And that is where the bad Lifetime movie begins. It goes like this...Jamie tours apartment on Wednesday afternoon, I go back with him on Thursday morning, we agree that with a few modifications the apartment could work for us, and we ask our realtor to start negotiating for us (things such as glassing in the open balcony on the 27th floor, full-size refrigerator-everything in China is negotiable!). It is set that we will sign papers Friday morning before we fly out.
Friday morning rolls around (please remember that we have been here for a full week now) and at 10 a.m. our realtor and her boss meet us at the hotel...uh-oh. It appears that the negotiations are not finished and the landlord needs to be reassured that we are indeed moving to Suzhou. So, we all walk over to Horizon and go back up to the apartment where our realtor's boss and the Chinese landlady begin some serious talks. Actually some of the points that she brought up were very valid and had to do with the company's policy on housing contracts, but it was nothing that we could change.
The clock is ticking and we are scheduled to leave our hotel at noon to get to the Shanghai airport in time for our flight. We start walking around the apartment, double-checking wants/needs for the negotiations and well, I did it, I started crying. Not a lot, but just a few tears. I'm trying to explain to our realtors that the movers are coming in 10 days (10 days!) and I need to know where I am living so I can pack appropriately. I might have uttered the words, "I need to know where my children are going to live."
We all shuffle back into the living room and I try to compose myself. I really liked the apartment, but I also knew of two other apartments that I would be very happy in and I just wanted to know if it was time to walk away and start talking to another landlord. The negotiations continued and it was very obvious, even without understanding a word of Chinese, that our realtor's boss is very good. They work out a deal with the landlady and at 11:55...I repeat 11:55 a.m. (five minutes before we are supposed to leave, 7 days after we arrived) we sign the letter of intent. We rush back to hotel, zip up our luggage and race to the airport.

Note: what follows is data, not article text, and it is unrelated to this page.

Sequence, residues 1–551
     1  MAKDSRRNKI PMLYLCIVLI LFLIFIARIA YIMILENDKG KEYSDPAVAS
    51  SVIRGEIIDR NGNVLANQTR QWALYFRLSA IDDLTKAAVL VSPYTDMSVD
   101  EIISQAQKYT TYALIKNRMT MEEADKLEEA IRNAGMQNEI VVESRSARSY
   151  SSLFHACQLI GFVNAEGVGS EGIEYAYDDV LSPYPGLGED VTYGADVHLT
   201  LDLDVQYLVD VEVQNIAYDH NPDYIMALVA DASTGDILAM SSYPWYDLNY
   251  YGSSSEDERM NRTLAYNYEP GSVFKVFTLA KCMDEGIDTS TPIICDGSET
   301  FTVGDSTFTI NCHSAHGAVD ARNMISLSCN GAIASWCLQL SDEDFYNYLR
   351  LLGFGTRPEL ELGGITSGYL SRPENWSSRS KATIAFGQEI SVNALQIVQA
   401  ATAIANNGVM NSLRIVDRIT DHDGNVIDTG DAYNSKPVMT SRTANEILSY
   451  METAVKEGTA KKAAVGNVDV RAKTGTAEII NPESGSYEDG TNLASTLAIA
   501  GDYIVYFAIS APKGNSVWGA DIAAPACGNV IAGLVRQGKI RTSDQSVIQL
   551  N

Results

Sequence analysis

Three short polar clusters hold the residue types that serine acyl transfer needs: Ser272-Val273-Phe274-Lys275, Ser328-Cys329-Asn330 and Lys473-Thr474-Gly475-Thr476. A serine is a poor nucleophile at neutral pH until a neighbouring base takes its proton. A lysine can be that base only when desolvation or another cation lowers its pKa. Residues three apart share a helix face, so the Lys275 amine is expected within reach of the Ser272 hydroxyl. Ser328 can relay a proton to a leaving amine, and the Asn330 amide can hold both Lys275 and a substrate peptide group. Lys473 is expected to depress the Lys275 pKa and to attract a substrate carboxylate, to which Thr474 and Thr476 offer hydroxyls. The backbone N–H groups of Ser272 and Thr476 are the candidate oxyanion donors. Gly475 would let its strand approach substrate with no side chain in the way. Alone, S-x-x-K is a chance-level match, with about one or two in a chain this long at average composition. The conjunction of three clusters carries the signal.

After we settled ourselves in the car, Jamie looked at me and said, "I'm so glad we know where we're going to live." I looked at him and said, "I'll believe it when we actually set foot in the apartment." Then I explained to him my feelings about it being a Lifetime movie. I was still nervous about it falling through because the letter or intent is not the final contract. It is simply a piece of paper saying that you have negotiated out all of our wishes/wants, it still had to go to corporate and sign a final contract. The whole thing was ulcer-inducing!
As I write this, we are one week from taking possession of the apartment. It appears that everything will go through fine and we'll be in a great apartment. But, until we set foot in the apartment, I'm not posting any pictures of the interior. I don't want to jinx it!
Now, roll credits, this Lifetime movie is over.
Horizon apartment complex
Our building is Block 68, the far right building
Floor 27 (on the left side of the building)